Musings of An Old Man

by Brian K. Moore



Just before I was discharged from the Navy, Phyllis and Margie had gone to live with my parents. My parents lived in a rented caretaker house on a big estate in Altadena. The house consisted of one big room that served as a kitchen, a living room and a dining room, and two little rooms that had been added on that served as bedrooms. The bathroom was in a rather primitive basement. The addition of Phyllis and Margie made it pretty crowded.

Before I was discharged, my brother Joe was laid off from his job in a shipyard near Vallejo, CA. He and his wife, who was also Phyllis’ mother, came back to Altadena and, having no other place to go, also moved in with my parents.

Then I got discharged and moved in, too. This made 3 couples and a child living in this primitive little place. It was mighty tight.

Phyllis decided that we just had to get out of there, so she went house hunting. It was tough because there were a whole lot of new civilians doing the same thing and no new houses had been built in several years.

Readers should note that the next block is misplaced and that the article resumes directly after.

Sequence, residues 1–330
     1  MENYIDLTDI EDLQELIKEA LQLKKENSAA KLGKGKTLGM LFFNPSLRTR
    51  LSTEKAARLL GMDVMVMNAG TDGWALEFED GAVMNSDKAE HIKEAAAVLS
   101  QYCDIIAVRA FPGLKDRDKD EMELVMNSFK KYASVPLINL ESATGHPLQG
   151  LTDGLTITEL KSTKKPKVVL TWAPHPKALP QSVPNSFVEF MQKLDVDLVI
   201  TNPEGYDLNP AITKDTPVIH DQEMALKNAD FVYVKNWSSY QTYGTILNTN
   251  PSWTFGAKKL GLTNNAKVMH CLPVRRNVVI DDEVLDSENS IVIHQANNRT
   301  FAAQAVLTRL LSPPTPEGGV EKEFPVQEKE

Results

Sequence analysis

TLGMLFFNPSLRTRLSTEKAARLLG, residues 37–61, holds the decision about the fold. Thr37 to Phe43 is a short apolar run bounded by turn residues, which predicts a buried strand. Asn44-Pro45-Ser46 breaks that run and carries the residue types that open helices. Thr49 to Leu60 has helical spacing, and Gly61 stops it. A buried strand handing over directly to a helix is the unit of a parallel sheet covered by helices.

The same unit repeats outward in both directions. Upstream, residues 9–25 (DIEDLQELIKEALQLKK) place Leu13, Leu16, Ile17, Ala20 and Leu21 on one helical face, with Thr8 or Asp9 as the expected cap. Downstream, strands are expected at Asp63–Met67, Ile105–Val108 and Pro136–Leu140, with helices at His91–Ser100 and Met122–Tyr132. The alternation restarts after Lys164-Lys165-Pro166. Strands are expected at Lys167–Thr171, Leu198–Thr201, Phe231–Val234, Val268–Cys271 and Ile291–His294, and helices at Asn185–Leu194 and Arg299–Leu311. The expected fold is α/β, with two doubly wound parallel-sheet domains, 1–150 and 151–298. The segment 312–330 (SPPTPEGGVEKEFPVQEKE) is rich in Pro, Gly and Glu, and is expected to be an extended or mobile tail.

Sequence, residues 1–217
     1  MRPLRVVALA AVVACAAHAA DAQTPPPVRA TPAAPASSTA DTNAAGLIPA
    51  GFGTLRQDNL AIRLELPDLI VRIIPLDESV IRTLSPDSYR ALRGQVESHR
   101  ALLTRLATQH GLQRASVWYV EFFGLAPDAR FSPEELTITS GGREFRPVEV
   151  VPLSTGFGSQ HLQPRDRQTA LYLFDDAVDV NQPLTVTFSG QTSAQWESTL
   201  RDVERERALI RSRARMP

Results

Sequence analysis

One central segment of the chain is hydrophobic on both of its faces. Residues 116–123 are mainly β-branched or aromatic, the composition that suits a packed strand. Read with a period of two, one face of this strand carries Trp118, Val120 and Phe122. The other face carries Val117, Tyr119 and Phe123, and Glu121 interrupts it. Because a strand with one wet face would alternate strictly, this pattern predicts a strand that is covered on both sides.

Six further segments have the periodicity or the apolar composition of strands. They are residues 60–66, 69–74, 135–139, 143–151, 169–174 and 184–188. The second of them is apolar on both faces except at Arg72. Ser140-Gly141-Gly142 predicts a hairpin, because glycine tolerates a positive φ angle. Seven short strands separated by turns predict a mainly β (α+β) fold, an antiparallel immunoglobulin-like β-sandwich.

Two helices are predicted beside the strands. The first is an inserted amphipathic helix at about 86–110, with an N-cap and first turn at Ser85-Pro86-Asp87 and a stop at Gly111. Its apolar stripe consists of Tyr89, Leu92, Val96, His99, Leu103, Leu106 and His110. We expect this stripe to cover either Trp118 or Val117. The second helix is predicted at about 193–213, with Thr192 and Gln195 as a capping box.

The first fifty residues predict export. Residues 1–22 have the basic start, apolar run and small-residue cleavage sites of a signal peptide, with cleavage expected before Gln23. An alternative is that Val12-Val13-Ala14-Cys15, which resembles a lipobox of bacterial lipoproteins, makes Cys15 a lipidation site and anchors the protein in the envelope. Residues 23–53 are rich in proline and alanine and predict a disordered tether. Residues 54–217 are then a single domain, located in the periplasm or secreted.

By a stroke of luck, she almost immediately found a cute little one bedroom house in Montrose. It was for sale for $6,000. It was of recent (just before the war) construction, and it was just a little doll house. It was closer to Lockheed, where I had gone back to work than my folks place was. There were five other people, there in the office, wanting to buy it but none of them could come up with the $3,000 down payment right now, so Phyllis who was now a sophisticated, worldly 20 year old, said, “If you will hold it for me I will be back this afternoon with the $3,000.” The agent agreed, and so Phyllis jumped on a streetcar and headed for her father’s office in Los Angeles.

When she got there, she said to her father, “Daddy, I need $3,000 right now” and told him the story. By now her father had come to believe that the Phyllis and Brian combination was just the right thing, and being able to do so, he wrote her a check. She returned to the real estate office, where there were still people waiting to see if they had a chance, presented the down payment, and bought the house. All this while I was working at Lockheed and knew nothing of it.

We lived there for a couple of years and then sold it for $7,000! We thought we had really pulled off a deal!